I was pushing my 99-year-old mother in her wheelchair just outside the sheltered accommodation block where she lives. Her handbag, which had her purse in it, was slung over the arm of the wheelchair. All of a sudden I was pushed to one side and this boy snatched the handbag and ran off. Instinctively, I ran after him, leaving my mum in the wheelchair – she was shouting and screaming for help.
"I didn’t know if he had a knife or anything else so I just did as he asked and gave him the money."
I caught up with the boy some distance away by some flats. There was a younger boy with him – about five or six years old – but the lad who’d taken the bag looked around 16 or 17. Face to face with him, I said: ‘Keep the money if you want, but I need the handbag back’. He gave me the handbag back and then told me to hand over the money. I didn’t know if he had a knife or anything else so I just did as he asked and gave him the money. He kept telling me he was sorry and that he had to do it, which seemed odd, and made me think a gang might be involved.
When I got back to the shelter block with my mother, the warden called the police. She was glad I’d got the handback back because it had the keys to the front door of the block in it, and they’re the same for all of the 57 residents.
"I first heard about restorative justice after having a conversation with a lady on Facebook."
After the incident my mother was a bit shaken but she was determined to go out the next day – she said she wasn’t staying in just because of that. The lad was arrested shortly after. A girl from his school had seen what he’d done and reported it. I didn’t have to appear in court – the lad pleaded guilty.
I first heard about restorative justice after having a conversation with a lady on Facebook. I was discussing what happened to me and my mother and she mentioned that I might like to investigate the restorative justice programme. I got in touch with the police again and they put me in contact with the Wandsworth Youth Offending Team (YOT) who were dealing with the case.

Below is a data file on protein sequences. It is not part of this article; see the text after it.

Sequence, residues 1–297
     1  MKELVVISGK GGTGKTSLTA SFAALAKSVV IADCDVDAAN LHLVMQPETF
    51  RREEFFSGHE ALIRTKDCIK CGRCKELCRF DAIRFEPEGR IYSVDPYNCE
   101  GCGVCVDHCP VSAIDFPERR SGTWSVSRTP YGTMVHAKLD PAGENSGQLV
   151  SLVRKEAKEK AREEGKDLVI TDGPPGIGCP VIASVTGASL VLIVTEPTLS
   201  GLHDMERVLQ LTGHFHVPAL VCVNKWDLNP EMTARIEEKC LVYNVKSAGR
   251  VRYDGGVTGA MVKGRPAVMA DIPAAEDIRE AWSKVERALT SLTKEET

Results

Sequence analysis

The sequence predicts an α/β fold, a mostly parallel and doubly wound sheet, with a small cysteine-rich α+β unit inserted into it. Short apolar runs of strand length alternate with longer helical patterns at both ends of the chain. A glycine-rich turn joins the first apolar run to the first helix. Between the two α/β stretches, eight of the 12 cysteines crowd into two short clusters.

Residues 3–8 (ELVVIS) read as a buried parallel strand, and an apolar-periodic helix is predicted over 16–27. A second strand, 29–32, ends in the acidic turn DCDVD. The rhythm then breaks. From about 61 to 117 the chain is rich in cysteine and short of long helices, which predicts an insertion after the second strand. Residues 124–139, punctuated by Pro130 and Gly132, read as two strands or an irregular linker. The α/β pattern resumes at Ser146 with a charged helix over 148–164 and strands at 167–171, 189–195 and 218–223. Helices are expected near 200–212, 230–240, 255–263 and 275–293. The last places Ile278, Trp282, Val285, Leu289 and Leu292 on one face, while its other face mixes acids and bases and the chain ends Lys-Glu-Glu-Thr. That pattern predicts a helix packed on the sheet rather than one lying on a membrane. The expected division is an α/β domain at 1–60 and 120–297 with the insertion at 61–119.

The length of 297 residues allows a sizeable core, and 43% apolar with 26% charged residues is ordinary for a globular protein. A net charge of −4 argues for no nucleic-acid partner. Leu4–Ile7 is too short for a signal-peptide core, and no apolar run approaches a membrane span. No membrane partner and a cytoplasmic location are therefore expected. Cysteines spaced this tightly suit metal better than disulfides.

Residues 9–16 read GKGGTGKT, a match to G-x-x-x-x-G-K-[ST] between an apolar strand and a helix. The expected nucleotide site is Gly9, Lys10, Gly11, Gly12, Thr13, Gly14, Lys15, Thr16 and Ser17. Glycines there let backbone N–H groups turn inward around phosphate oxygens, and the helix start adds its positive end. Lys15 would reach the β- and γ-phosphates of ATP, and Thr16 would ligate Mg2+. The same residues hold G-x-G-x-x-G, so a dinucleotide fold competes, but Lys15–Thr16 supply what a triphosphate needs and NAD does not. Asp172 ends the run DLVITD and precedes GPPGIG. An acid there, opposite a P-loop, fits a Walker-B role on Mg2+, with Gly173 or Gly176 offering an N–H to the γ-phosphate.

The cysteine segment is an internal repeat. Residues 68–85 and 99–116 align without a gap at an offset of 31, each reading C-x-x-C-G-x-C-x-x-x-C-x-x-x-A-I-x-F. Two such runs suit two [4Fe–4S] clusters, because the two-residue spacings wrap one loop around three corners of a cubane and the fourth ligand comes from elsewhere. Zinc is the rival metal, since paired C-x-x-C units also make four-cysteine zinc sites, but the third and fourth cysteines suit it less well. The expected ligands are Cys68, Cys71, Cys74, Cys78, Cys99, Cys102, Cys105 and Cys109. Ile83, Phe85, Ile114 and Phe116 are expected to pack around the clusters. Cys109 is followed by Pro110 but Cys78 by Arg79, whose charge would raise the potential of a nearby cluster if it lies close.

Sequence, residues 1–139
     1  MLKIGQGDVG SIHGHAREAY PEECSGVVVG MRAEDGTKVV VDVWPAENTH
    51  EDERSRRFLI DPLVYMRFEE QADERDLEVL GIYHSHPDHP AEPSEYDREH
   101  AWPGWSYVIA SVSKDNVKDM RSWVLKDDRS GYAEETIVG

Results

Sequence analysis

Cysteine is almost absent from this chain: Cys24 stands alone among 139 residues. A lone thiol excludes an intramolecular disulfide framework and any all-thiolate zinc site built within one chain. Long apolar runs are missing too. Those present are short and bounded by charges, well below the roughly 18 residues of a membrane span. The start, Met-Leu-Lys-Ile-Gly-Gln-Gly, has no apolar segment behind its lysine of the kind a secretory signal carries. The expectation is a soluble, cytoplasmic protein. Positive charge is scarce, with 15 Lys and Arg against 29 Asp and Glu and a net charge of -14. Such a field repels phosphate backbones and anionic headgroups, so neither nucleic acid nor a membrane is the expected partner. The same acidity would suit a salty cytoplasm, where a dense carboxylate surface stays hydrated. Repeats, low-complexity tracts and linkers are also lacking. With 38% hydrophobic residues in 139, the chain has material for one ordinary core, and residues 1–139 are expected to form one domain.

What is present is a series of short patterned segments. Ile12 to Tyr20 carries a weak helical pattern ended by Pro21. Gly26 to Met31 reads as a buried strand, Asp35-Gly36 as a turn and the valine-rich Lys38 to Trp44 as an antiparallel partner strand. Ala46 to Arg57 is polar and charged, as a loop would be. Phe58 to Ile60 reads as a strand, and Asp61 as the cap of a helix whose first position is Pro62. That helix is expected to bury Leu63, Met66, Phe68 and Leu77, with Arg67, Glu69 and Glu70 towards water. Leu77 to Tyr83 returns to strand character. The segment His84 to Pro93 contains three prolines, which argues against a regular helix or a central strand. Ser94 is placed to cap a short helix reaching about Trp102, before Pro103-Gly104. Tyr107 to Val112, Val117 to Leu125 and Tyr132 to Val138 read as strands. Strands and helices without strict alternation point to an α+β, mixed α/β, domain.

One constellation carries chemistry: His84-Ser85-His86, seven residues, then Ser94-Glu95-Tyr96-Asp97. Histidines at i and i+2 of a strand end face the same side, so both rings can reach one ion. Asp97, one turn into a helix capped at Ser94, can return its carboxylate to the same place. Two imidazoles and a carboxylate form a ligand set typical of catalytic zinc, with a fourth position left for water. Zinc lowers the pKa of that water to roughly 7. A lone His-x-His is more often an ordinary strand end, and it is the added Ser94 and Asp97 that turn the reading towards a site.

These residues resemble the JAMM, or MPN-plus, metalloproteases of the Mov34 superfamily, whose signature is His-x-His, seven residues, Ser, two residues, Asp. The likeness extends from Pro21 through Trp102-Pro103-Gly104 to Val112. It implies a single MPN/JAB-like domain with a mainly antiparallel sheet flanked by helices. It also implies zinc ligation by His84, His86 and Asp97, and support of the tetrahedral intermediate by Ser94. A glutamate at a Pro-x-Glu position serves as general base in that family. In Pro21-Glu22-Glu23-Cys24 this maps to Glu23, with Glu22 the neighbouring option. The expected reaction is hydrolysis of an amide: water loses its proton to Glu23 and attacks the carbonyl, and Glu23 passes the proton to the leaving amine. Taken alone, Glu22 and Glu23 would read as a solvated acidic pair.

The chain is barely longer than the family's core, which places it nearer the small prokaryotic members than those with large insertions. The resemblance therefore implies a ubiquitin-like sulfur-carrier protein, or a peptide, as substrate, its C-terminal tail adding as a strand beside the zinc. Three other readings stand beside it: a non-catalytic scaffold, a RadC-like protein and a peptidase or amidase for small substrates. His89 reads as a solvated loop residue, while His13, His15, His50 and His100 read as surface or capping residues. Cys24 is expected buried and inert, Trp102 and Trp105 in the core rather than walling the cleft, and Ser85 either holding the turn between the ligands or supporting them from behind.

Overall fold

Ahead of the meeting I met up with Richard from the YOT. He talked me through the restorative justice process in detail so that I knew what to expect, and he came with me to the meeting, which took place in Buxton. My mother was too frail to go, but I really wanted to meet the offender.
"He was a big lad for his age, but he was nervous about meeting me."
The whole way through the meeting I was upset for my mother, but just couldn’t help feeling incredibly sorry for this young lad – Sam* – especially when I found out he was only 14. He was a big lad for his age, but he was nervous about meeting me. I asked him if someone had made him do it and he explained that what I’d initially suspected was correct – he’d been coerced into committing the crime.
There’s a little square near where the incident took place, with shops on one side. Sam explained that on the day of the incident, someone in one of the shops had told him he had to go and get some money and come back with it – I got the impression it was someone from a gang. They’d given him a time limit and so he went out and did it.
"I didn’t know anything about restorative justice at the time of the incident but, since going through the process, I’d definitely recommend it to other victims."
I genuinely believe Sam was sorry, and the fact that he was willing to meet me says a lot. I felt sorry for him having been coerced into doing such a thing, and I wished him well and shook hands with him before we left.
After the meeting I was glad that I’d had the opportunity to meet Sam and tell him how the incident had made me and my mother feel – especially as I hadn’t had the chance to explain in court.
As my mother hadn’t been present at the meeting, he wrote a letter of apology to her and explained again how sorry he was.
"It gave us the opportunity to ensure that our voice was heard, which we wouldn’t have had otherwise."
Having the opportunity to meet and communicate with Sam has helped us move on from the incident and I also think it helped him. I didn’t know anything about restorative justice at the time of the incident but, since going through the process, I’d definitely recommend it to other victims. It gave us the opportunity to ensure that our voice was heard, which we wouldn’t have had otherwise.
*Sam's name has been changed.
The RJC would like to thank Wandsworth YOT and Tony for sharing his story with us.
© Restorative Justice Council 2015 – do not reproduce without permission.